Logo Logo
Switch Language to German
Baumann, Tobias; Dunkel, Andreas; Schmid, Christian; Schmitt, Sabine; Hiltensperger, Michael; Lohr, Kerstin; Laketa, Vibor; Donakonda, Sainitin; Ahting, Uwe; Lorenz-Depiereux, Bettina; Heil, Jan E.; Schredelseker, Johann; Simeoni, Luca; Fecher, Caroline; Koerber, Nina; Bauer, Tanja; Hueser, Norbert; Hartmann, Daniel; Laschinger, Melanie; Eyerich, Kilian; Eyerich, Stefanie; Anton, Martina; Streeter, Matthew; Wang, Tina; Schraven, Burkhart; Spiegel, David; Assaad, Farhah; Misgeld, Thomas; Zischka, Hans; Murray, Peter J.; Heine, Annkristin; Heikenwaelder, Mathias; Korn, Thomas; Dawid, Corinna; Hofmann, Thomas; Knolle, Percy A.; Hoechst, Bastian (2020): Regulatory myeloid cells paralyze T cells through cell-cell transfer of the metabolite methylglyoxal. In: Nature Immunology, Vol. 21, No. 5: pp. 555-566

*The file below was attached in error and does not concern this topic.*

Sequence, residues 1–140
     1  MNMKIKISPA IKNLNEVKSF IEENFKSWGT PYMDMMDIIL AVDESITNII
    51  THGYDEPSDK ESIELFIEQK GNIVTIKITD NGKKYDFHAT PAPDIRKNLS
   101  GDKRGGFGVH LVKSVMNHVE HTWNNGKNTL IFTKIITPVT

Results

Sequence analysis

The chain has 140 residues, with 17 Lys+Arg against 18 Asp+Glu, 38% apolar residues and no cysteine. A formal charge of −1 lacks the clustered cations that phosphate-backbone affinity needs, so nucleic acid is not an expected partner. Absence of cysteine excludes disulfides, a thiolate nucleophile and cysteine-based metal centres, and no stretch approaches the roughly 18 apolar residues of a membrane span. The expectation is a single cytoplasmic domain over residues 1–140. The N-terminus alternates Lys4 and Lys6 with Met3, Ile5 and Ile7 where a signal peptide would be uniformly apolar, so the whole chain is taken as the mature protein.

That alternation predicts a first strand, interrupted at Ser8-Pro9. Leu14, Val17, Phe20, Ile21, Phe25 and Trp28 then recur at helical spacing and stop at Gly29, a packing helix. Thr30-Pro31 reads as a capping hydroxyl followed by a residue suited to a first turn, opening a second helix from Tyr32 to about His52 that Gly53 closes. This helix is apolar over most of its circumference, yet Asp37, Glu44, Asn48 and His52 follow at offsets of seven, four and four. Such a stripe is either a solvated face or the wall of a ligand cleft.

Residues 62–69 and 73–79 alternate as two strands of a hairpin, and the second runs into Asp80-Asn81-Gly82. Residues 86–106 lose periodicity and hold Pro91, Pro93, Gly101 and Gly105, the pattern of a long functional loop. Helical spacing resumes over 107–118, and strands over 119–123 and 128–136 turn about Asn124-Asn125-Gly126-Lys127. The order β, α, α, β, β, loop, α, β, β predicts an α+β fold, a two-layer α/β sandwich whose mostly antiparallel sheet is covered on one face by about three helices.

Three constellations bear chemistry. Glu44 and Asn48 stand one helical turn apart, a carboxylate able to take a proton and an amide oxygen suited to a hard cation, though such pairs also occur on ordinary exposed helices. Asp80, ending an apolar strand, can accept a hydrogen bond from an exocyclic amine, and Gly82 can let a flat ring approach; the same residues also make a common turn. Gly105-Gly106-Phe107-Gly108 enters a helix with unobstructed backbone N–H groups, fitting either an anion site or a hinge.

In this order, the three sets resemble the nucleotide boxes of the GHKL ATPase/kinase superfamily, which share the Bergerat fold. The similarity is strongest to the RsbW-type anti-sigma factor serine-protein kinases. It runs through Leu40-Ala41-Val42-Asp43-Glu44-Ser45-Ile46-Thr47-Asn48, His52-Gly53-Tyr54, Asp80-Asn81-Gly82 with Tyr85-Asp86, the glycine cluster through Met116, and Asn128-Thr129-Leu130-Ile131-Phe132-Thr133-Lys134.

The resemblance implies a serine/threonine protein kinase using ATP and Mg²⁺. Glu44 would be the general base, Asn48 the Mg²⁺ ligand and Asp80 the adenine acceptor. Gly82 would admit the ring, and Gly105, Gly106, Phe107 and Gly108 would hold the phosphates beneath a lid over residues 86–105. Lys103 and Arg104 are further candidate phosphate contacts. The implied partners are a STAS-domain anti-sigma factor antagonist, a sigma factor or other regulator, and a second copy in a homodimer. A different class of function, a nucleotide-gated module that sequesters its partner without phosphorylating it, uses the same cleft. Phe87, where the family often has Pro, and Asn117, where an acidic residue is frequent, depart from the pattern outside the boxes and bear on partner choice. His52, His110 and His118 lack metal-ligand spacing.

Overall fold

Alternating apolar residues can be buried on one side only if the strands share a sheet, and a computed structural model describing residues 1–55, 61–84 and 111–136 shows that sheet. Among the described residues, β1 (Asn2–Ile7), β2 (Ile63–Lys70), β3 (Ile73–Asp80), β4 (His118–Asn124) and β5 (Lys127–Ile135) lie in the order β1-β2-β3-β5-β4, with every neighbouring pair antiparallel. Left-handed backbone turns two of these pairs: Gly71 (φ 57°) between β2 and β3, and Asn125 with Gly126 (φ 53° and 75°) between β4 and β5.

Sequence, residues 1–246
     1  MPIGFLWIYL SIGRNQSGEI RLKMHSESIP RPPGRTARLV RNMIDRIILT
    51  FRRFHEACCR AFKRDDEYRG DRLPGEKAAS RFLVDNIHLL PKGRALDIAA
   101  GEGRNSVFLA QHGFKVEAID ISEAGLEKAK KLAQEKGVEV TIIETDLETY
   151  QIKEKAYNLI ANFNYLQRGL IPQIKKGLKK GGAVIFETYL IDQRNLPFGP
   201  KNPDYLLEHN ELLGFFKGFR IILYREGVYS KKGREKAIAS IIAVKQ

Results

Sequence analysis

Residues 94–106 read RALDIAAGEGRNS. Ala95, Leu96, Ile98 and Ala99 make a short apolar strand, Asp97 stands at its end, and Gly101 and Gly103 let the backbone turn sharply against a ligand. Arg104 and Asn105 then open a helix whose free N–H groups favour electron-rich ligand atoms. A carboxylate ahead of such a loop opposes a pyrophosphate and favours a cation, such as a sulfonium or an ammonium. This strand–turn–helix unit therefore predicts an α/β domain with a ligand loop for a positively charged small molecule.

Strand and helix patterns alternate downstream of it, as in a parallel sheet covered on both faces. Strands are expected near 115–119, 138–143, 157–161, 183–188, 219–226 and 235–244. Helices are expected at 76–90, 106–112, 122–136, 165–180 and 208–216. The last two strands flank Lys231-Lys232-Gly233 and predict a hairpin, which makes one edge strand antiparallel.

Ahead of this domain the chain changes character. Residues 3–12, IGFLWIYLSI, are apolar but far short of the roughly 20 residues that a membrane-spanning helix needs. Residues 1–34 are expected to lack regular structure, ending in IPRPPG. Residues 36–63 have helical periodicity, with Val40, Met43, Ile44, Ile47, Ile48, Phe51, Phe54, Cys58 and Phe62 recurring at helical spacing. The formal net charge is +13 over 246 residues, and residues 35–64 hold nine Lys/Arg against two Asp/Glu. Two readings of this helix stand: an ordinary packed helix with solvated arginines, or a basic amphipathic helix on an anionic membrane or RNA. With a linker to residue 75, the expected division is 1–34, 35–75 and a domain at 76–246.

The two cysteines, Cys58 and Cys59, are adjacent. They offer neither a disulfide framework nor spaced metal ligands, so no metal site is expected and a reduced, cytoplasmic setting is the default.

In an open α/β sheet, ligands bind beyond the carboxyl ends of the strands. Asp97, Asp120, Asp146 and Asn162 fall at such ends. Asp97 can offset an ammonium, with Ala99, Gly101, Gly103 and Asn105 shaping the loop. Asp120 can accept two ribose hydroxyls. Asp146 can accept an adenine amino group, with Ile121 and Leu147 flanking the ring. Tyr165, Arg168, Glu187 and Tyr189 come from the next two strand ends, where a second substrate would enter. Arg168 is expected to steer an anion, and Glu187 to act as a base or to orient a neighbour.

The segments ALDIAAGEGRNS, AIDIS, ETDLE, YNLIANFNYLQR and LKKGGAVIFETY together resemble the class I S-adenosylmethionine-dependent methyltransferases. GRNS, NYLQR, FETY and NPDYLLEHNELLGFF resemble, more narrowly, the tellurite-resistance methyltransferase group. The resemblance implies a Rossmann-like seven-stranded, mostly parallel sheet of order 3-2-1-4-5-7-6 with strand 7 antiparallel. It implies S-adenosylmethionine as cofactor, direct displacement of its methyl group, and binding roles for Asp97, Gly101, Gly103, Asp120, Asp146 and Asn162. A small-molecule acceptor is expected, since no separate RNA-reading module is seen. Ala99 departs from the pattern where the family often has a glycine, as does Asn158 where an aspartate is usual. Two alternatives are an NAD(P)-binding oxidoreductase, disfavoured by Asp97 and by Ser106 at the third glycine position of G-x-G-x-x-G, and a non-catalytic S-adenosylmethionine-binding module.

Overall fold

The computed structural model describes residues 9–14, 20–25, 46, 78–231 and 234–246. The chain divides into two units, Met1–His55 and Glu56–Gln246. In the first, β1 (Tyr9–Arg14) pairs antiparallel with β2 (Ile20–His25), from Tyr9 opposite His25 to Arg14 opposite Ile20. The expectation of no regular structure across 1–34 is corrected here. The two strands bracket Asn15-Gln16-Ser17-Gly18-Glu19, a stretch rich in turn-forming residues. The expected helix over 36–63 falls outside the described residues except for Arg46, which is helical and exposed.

Full text not available from 'Open Access LMU'.


Regulatory myeloid immune cells, such as myeloid-derived suppressor cells (MDSCs), populate inflamed or cancerous tissue and block immune cell effector functions. The lack of mechanistic insight into MDSC suppressive activity and a marker for their identification has hampered attempts to overcome T cell inhibition and unleash anti-cancer immunity. Here, we report that human MDSCs were characterized by strongly reduced metabolism and conferred this compromised metabolic state to CD8(+) T cells, thereby paralyzing their effector functions. We identified accumulation of the dicarbonyl radical methylglyoxal, generated by semicarbazide-sensitive amine oxidase, to cause the metabolic phenotype of MDSCs and MDSC-mediated paralysis of CD8(+) T cells. In a murine cancer model, neutralization of dicarbonyl activity overcame MDSC-mediated T cell suppression and, together with checkpoint inhibition, improved the efficacy of cancer immune therapy. Our results identify the dicarbonyl methylglyoxal as a marker metabolite for MDSCs that mediates T cell paralysis and can serve as a target to improve cancer immune therapy. Myeloid-derived suppressor cells (MDSCs) residing within tumors can impede immune responses. Knolle and colleagues show that MDSCs poison immune cells by producing methylglyoxal, which functionally alters their cellular metabolism and hence their effector responses.